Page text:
I¹d like to share with you a note I recently sent to the Yale SOM community discussing many of our ongoing efforts to advance the school¹s mission.
To the Yale SOM Community:
As we continue in our mission to educate leaders for business and society, our students, faculty, alumni, and staff are embracing a huge range of issues and problems in different sectors and regions throughout the world. Here are some examples that reflect the spanning character of our work and high aspirations:
--We have intellectually-productive initiatives on healthcare, asset management, and sustainability.
--We have over 60 student clubs and several major conferences coming up, including on Education, Philanthropy, and Health Care.
--The fifth Global Network Week, scheduled for next month, will engage over 700 top Masters-level students and 17 Global Network for Advanced Management schools, with topics ranging from Social Innovation and Business in Africa, to E-China.
--The Center for Business and the Environment is conducting fast-paced, interactive workshops with enterprises. These Green Light projects involve rapid ideation techniques.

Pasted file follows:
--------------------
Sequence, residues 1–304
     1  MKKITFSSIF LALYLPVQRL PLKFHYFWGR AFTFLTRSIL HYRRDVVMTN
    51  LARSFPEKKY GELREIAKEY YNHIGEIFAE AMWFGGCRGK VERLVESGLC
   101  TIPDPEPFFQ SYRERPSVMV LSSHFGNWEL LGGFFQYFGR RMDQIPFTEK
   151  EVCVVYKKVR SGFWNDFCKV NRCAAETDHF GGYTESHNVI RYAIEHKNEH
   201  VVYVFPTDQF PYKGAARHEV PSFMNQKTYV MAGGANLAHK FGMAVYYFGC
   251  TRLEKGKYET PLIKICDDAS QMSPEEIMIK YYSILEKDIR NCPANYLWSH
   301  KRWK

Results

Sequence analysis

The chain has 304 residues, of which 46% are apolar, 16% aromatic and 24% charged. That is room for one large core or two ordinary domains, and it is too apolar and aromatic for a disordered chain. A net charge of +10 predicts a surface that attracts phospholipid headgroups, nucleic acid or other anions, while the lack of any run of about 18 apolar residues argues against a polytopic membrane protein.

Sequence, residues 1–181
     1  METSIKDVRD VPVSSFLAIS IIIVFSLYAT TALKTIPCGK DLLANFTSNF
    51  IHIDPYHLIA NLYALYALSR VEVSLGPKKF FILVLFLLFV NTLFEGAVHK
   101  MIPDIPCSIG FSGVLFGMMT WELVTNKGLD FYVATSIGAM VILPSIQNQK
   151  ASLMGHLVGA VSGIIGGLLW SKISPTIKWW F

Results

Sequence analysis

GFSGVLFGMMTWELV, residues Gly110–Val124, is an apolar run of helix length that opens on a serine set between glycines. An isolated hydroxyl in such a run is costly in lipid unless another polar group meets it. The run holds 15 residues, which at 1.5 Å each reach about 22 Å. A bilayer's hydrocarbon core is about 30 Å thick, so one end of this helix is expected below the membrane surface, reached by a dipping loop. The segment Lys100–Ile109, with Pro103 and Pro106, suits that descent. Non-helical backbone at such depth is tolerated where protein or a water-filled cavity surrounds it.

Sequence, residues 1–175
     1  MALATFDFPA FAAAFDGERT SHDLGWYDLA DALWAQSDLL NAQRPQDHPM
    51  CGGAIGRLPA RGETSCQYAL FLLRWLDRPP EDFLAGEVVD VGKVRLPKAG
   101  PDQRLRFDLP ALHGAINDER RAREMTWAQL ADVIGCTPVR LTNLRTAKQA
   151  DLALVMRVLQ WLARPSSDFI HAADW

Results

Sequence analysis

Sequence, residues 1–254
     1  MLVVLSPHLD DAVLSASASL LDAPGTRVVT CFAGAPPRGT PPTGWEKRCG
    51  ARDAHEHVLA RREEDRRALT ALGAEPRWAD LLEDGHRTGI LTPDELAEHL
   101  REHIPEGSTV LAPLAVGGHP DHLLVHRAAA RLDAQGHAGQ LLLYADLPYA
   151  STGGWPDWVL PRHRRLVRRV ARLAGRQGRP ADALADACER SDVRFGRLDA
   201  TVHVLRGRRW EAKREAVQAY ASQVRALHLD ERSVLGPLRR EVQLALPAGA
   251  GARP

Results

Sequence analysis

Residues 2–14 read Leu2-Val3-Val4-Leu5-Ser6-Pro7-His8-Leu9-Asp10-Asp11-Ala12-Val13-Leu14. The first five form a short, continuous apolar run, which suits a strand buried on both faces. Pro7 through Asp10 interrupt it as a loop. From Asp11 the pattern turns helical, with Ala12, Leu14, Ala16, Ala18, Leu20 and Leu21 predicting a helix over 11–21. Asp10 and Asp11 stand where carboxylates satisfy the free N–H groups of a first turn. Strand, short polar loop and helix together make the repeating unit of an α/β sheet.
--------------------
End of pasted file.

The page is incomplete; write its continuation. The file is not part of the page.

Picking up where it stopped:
--Recent faculty searches have focused on Design and Innovation (D&I) and Sustainability.
If one takes this mix and multiplies by a large number, then one can begin to imagine the dynamic state of the school. Of course, pursuit of our mission with such energy entails some challenges and raises questions:
1. How can a relatively small business school execute on so many fronts?
2. What is the role of diversity in these efforts? If diversity is indeed central, how are we doing?
3. Does aspiring to be the most integrated business school with our home university help or hurt?
4. Does aspiring to be the most distinctively global US business school help or hurt?
In response, let me make a case for the importance of (i) our capacity to grow as a diverse enterprise and address difficult challenges; (ii) our ability to leverage Yale; and (iii) our ability to develop and leverage the Global Network for Advanced Management.
A diverse Yale SOM community and the behaviors that hopefully follow – listening, leverage, commitment, and learning – are extremely important assets going forward. How are we doing on diversity? There is lots of good news: Objective feedback from third-party surveys of our recent graduates puts Yale SOM substantially ahead of other business schools’ graduates in their abilities to develop a diverse environment and behavioral corollaries. The Yale Workplace Survey completed every-other-year also indicates SOM improved on dimensions related to diversity over the last four years. Indeed, our school ranks at or near the top in all relevant categories among Yale units. We also see greater diversity reflected in applicants – students, staff, and faculty. While there is no single measure of diversity, many believe that Yale SOM is the most diverse academic unit on campus.